to ZOO and CBSG, India, I was delighted to see Thrigby Halls
involvement. If a small collection like Thrigby is capable of making a
difference surely other small UK zoos can have an important part to
play too.

If you are interested in subscribing to Zoos' Print please send an
e-mail for further details to :

The December 1999 issue of International Zoo Veterinary Group News
gives information on a new television series "Flying Vets" which will
be shown on Channel 5 (UK) and National Geographic (Europe) in the New
Year. The ten half hour programmes will follow the work of the vets
through a number of different zoos. This should make interesting


The International Training Centre (ITC) of the Wildlife Preservation
Trusts is based in Jersey, Channel Islands. Here at the Headquarters of
the Durrell Wildlife Conservation Trust the ITC offers a unique
opportunity for training in Conservation and Zoo Biology. The ITC runs
a three-week Summer School intended as an intensive introduction to
principles of Conservation Biology with an emphasis on the role that
Zoological parks and similar institutions can play in the process.
Group research projects are incorporated in this course but there is no
hands on animal work. 17th July to 4th August 2000 cost £1,145
including Bed and Board. A longer residential course is also offered
running from between 12 to 16 weeks. With more time this longer course
offers an opportunity for practical work within the Jersey Zoo and a
more extensive research project in addition to a more comprehensive
treatment of zoo and conservation biology in the theory sessions. For
further information on these courses please contact us ITC, Durrell
Wildlife Conservation Trust, Les Augres Manor, Trinity, Jersey JE3 5BP
Tel. +44 (0)1534 860037
Fax +44 (0)1534 860002 e mail

The Dallas Zoo presents a WILDLIFE RESEARCH EXPEDITION to study
endangered wildlife in Mexico April 1 -15, 2000
The Dallas Zoo is providing a unique opportunity for volunteers to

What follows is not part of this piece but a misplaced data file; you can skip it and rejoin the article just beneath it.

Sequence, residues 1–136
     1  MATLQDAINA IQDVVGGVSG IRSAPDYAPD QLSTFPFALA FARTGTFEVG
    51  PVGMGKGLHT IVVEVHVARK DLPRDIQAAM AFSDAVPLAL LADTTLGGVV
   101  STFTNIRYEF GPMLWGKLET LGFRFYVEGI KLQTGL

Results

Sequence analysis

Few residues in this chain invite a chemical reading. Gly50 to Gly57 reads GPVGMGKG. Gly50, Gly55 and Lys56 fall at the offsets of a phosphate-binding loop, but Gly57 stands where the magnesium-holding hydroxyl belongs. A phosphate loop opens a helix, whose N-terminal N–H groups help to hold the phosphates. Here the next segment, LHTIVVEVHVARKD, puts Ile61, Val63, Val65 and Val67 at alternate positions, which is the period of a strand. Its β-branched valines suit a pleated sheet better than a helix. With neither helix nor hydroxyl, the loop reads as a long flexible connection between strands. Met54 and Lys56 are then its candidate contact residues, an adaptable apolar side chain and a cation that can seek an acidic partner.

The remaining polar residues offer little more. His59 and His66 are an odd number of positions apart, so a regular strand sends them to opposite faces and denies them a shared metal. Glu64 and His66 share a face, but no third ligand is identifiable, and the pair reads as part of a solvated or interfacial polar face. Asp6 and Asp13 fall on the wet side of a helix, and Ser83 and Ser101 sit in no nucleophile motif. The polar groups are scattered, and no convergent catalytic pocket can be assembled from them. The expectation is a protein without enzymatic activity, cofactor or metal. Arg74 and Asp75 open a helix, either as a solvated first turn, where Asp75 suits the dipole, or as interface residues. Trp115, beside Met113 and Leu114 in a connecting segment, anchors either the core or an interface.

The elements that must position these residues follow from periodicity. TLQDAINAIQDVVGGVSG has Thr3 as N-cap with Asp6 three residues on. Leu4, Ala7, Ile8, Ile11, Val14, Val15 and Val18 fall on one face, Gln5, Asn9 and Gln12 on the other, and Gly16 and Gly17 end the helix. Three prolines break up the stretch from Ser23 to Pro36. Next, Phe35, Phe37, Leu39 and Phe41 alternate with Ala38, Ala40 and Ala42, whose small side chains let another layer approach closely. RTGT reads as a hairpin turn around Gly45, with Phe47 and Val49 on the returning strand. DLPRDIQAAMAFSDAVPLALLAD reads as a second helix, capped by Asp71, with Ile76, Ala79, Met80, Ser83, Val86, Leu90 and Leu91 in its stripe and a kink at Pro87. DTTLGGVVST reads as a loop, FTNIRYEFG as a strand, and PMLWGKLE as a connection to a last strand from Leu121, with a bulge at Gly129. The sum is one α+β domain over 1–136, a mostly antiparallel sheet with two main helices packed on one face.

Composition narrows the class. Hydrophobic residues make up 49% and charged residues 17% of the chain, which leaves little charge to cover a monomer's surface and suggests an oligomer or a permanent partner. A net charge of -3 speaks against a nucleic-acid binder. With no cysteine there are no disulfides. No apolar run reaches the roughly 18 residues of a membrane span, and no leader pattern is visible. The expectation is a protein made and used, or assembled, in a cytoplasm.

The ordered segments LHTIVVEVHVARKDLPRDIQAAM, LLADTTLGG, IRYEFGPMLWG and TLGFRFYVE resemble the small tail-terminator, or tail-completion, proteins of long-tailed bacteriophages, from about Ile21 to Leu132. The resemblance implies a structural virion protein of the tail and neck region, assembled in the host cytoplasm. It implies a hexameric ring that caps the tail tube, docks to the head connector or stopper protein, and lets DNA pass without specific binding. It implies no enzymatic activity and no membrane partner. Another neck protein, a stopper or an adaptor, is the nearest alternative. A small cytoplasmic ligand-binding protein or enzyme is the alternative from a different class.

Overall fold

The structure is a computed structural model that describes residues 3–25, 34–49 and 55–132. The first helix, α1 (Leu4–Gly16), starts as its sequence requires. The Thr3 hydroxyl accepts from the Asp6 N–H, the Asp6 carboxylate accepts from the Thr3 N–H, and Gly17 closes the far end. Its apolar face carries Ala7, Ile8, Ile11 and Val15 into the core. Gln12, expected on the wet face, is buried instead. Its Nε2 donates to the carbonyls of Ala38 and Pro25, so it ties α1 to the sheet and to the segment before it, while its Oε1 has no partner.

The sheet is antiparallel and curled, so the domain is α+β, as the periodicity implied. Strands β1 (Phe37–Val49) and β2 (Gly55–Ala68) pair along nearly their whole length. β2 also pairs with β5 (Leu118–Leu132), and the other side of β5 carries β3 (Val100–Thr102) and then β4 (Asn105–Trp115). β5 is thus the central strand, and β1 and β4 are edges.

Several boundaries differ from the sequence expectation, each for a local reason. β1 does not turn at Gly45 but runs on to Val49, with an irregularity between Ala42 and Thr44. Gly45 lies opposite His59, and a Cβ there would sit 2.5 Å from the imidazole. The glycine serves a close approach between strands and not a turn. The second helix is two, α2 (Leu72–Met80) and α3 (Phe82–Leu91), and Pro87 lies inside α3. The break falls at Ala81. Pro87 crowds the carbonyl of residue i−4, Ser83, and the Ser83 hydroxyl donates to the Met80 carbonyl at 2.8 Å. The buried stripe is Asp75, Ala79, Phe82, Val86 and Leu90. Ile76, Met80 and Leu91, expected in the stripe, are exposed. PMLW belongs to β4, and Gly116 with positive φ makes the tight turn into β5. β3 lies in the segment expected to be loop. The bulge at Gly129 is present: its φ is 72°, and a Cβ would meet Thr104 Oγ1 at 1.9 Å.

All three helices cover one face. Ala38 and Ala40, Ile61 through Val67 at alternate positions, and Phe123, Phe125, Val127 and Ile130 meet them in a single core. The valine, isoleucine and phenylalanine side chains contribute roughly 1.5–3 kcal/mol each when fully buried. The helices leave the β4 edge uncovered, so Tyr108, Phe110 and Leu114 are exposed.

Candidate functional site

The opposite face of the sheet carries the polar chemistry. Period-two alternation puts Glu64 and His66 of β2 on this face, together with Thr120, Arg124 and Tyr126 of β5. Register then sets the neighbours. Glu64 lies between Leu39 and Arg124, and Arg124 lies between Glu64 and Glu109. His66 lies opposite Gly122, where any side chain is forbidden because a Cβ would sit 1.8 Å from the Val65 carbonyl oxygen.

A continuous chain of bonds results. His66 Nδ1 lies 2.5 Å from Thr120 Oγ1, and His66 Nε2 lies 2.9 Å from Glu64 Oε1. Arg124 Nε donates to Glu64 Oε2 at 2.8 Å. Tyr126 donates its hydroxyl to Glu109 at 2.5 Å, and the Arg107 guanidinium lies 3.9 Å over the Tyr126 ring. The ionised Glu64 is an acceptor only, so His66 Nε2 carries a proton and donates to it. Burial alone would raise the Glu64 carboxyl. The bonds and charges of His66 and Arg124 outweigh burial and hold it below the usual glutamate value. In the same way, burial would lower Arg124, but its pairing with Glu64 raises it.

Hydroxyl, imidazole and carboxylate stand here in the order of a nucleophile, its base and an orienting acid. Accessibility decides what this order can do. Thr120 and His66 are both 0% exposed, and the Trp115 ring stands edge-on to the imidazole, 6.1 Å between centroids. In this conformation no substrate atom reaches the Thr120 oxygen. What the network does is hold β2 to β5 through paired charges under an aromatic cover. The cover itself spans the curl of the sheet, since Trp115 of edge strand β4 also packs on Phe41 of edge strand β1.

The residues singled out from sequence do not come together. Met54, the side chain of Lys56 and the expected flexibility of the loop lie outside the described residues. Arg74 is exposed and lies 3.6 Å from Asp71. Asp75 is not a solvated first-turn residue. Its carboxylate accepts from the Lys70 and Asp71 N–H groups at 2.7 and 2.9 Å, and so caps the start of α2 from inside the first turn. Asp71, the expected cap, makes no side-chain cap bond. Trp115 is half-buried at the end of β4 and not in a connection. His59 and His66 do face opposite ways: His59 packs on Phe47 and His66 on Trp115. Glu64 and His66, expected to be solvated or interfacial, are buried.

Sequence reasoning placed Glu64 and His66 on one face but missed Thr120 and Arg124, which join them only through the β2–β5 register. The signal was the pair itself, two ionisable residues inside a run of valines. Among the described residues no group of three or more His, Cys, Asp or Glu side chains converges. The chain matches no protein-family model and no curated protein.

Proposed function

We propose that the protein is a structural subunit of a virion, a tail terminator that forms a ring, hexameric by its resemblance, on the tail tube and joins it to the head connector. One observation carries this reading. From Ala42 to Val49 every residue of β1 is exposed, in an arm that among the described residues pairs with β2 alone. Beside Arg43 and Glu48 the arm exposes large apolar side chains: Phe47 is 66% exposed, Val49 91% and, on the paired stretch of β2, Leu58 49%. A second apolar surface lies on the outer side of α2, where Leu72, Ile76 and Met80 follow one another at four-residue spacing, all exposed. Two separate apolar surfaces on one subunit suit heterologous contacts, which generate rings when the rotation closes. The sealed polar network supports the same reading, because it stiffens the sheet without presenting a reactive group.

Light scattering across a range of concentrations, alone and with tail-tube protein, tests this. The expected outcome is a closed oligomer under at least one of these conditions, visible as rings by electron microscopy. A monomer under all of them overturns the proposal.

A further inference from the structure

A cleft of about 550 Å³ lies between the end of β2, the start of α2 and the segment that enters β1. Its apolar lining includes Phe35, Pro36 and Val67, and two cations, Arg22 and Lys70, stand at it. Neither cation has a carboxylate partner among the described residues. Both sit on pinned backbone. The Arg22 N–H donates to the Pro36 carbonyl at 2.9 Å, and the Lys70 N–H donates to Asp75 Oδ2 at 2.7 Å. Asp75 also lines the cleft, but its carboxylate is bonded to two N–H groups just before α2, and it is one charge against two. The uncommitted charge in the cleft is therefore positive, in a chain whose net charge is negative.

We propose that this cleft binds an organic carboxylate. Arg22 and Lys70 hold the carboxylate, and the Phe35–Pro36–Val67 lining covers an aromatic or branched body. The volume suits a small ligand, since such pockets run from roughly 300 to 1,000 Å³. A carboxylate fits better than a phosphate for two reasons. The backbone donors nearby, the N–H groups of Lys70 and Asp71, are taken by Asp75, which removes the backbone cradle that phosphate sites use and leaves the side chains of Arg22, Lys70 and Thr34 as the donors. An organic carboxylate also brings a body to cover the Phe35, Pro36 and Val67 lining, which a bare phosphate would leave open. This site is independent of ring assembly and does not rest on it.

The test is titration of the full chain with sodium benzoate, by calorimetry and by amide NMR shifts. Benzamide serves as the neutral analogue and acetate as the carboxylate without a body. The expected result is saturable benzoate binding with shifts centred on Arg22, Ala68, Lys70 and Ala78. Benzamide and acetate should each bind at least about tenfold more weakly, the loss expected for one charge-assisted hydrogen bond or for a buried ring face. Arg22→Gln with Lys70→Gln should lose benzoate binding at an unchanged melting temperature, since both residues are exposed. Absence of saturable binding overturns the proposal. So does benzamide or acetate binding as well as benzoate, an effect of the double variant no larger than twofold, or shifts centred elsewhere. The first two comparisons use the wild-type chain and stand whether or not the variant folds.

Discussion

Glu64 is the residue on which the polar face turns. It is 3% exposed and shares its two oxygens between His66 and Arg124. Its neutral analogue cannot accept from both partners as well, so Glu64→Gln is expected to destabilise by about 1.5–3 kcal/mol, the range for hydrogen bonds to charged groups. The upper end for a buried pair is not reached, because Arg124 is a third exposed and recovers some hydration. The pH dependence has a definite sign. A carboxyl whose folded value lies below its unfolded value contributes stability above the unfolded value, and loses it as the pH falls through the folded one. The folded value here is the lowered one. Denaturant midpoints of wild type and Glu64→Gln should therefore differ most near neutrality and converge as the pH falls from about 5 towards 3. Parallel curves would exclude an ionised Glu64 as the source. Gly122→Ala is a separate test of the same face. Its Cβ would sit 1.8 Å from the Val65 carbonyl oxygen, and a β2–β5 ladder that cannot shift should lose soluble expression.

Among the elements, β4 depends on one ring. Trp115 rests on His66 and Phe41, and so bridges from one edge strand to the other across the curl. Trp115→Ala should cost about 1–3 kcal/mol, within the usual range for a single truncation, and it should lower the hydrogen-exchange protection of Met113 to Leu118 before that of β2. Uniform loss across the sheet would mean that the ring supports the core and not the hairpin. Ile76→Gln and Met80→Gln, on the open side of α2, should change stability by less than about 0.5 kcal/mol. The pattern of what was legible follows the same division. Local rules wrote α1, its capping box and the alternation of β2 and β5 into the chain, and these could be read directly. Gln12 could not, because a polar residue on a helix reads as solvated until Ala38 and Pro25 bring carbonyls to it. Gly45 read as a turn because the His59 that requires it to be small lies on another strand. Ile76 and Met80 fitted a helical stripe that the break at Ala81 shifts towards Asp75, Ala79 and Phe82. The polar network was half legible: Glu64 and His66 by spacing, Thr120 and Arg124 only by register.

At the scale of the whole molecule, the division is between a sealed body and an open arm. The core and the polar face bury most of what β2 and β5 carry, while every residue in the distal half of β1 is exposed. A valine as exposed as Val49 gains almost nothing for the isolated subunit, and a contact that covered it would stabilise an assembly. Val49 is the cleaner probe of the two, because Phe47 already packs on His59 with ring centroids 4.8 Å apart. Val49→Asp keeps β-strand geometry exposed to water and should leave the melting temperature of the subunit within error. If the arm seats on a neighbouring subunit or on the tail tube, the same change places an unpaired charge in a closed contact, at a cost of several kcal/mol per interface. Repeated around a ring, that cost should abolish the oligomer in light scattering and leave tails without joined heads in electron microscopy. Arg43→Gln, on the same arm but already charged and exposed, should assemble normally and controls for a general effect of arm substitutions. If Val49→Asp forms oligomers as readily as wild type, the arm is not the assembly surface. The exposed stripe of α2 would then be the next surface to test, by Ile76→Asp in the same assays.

participate in ecological studies of endangered wildlife. The primary
focus of the research is a radio-tracking study of ocelot, jaguarundi,
and coatimundi. This will provide information that is vital for
developing a conservation strategy for these endangered carnivores. In
addition, we will also be capturing and banding raptors to understand
aspects of their migration and reproduction. We have previously
banded greater black hawk, common black hawk, grey hawk, harris hawk,
and numerous roadside hawks. The final component of the trip is a
baseline survey of reptiles and amphibians. No systematic survey for
reptiles and amphibians has been done previously.

We are seeking 4-6 volunteers to devote two weeks of time to assist
Mexican biologist Arturo Caso with these studies on this Wildlife
Research Expedition to Tamaulipas, Mexico. The next research
expedition will run from April 1-15, 2000. The cost of $1,600 includes
transportation from
Harlingen, Texas, to the study site, lodging, 3 meals daily, research
training, field supplies, and research equipment. This expedition will
be led by Jeanette Boylan, research technician, and Richard Reams,
Senior Keeper, from the Dallas Zoo. For further information please
contact Wanda Weaver at (214) 670-6833 or e-mail Jeanette Boylan at There is extra time that can be spent bird
watching. A great variety of birds can be seen in this region, and
many migrants will be passing through during the time of this
expedition. Birds seen at the study site include: - 34 raptors,
including the Aplomado falcon, Collared Forest Falcon, and Bat Falcon -